Water sports should be part of grand vision for Kai Tak
Imagine canoes paddling in the harbour and crowds cheering at racing dragon boats against a magnificent backdrop showing our famous skyline. What used to be just artist impressions in brochures has become closer to reality. After years of campaigning, the proposal to build a world-class water sports centre in Kowloon East has won initial support from a Harbourfront Commission's task force and the Home Affairs Bureau.
Being a coastal city with a lovely harbour, Hong Kong should have lifted the project proposal from the drawing board a long time ago. The belated approval in principle from the authorities is no doubt welcome news to water sports lovers and spectators. Under the proposal, an international standard regatta course will be built for rowing, canoeing, and dragon boat racing, one of the highlights of Chinese festivals. The 1.8-hectare site adjoining the runway at the old Kai Tak airport also features a kayak whitewater course. Separately, the commission backed a proposal to make room on the harbourfront for an international yacht race village and a maritime museum in Causeway Bay.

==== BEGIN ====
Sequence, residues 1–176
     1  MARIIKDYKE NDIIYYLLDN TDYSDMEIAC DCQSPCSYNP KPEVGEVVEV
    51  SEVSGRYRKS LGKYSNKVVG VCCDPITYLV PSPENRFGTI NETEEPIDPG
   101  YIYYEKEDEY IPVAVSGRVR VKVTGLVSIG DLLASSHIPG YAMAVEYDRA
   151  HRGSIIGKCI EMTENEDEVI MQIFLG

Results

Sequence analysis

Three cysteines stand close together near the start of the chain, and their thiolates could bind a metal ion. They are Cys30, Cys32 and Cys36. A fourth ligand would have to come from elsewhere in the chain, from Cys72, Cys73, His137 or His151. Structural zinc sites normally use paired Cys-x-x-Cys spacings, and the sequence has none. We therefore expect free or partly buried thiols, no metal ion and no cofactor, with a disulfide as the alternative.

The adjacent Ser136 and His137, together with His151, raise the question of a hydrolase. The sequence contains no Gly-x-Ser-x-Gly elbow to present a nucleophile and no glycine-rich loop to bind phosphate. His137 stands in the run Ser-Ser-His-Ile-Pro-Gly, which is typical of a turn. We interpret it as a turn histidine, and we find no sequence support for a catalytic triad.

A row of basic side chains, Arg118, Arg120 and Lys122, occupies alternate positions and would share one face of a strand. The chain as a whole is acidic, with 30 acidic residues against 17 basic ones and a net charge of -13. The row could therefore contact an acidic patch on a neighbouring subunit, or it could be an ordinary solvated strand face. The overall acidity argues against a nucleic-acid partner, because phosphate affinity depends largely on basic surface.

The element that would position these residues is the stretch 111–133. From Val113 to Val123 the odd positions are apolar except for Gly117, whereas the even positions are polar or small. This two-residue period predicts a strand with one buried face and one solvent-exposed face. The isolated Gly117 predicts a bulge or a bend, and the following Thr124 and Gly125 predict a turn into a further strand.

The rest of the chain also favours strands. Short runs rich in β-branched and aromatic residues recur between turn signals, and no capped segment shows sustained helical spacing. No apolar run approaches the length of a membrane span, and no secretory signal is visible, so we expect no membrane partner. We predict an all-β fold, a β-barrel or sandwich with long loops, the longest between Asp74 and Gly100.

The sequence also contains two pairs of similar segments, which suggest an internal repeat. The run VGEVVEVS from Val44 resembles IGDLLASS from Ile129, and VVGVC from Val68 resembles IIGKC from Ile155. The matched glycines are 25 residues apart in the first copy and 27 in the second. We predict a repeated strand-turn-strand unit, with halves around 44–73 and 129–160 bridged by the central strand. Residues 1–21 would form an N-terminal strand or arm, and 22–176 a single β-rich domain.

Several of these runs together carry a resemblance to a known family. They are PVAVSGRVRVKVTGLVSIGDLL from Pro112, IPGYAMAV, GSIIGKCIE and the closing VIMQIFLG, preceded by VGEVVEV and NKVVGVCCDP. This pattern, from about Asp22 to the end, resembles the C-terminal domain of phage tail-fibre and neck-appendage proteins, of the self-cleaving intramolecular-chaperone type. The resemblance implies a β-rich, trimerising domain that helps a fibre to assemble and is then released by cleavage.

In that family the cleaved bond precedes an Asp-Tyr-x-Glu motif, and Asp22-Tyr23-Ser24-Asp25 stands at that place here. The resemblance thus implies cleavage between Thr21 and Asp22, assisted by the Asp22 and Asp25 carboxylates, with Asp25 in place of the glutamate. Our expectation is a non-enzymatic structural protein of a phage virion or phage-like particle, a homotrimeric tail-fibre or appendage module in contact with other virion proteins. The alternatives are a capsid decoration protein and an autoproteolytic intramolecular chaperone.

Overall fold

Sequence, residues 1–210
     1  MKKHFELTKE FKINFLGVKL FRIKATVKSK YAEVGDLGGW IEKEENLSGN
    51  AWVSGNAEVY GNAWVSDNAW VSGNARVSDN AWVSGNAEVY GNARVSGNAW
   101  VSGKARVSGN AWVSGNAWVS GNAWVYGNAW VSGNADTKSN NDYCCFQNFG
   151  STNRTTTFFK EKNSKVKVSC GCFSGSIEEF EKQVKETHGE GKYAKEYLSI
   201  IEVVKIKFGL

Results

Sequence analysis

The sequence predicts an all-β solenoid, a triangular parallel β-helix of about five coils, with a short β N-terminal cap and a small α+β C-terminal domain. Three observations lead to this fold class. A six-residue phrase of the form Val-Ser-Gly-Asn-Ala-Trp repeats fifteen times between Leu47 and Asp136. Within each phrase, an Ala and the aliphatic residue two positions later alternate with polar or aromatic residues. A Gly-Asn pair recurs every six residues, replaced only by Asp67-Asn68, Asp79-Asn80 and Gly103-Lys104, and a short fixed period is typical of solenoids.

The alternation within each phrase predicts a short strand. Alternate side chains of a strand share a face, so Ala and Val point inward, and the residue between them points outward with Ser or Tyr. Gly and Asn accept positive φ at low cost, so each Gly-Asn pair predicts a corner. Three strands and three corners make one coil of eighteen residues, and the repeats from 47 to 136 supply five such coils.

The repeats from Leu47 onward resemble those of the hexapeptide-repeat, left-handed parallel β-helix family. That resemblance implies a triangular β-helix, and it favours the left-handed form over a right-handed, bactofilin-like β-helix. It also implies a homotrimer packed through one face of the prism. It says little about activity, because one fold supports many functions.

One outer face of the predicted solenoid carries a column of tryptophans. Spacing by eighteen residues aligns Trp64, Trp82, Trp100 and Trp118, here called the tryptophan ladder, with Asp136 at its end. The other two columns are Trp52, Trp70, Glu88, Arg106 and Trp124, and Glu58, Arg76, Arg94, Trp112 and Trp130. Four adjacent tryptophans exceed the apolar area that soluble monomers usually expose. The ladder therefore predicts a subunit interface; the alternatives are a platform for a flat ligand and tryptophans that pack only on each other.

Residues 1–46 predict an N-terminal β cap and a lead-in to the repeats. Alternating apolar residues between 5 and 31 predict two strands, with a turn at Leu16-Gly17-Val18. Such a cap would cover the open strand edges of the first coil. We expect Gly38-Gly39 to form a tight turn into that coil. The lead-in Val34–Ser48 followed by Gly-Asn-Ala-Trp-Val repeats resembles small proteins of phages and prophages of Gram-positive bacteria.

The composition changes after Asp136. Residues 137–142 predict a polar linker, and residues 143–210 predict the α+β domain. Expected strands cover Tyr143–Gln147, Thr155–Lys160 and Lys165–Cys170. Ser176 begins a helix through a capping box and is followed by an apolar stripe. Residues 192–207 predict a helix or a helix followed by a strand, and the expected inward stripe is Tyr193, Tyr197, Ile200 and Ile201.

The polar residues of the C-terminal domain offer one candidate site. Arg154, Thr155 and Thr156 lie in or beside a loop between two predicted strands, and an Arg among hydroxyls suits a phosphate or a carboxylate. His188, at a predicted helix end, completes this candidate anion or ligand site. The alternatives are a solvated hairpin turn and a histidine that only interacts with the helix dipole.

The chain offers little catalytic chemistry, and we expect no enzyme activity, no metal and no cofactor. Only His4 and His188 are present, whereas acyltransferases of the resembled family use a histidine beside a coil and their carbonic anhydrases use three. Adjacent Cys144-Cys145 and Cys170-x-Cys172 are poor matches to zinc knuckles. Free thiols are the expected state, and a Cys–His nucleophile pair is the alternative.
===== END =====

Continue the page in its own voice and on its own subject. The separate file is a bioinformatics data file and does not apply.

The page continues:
Our city was put on the world water sports map as early as 1996 when our home-grown wind surfing queen Lee Lai-shan clinched an Olympic gold medal. Sadly, water sports still do not get the attention they deserve. Sixteen years later, there is still no venue that meets the technical requirements for holding international water sports events.
Unlike other coastal cities that have a strong affinity with the sea, we do not seem to have fully utilised our natural resources for recreation and public enjoyment. Despite a growing number of water sports athletes and fans, government and public support on this front still leave a lot to be desired. Our limited interest sits oddly with our history as a fishing village and the fact that much of our territory is surrounded by the sea.
It would be wrong to assume only sports lovers would benefit. The waters around Kai Tak are far too polluted for sports at present. That means the plan cannot go ahead unless water quality improves. Hopefully, the project can give a much-needed push to clean up our harbour.
The water sports centre is part of the grand vision to turn Kai Tak into a hub of sports, recreation, tourism, entertainment and quality housing developments. It would be a waste if the waterfront is not put to better recreational use. What we need is a strong will and funding to turn it into reality.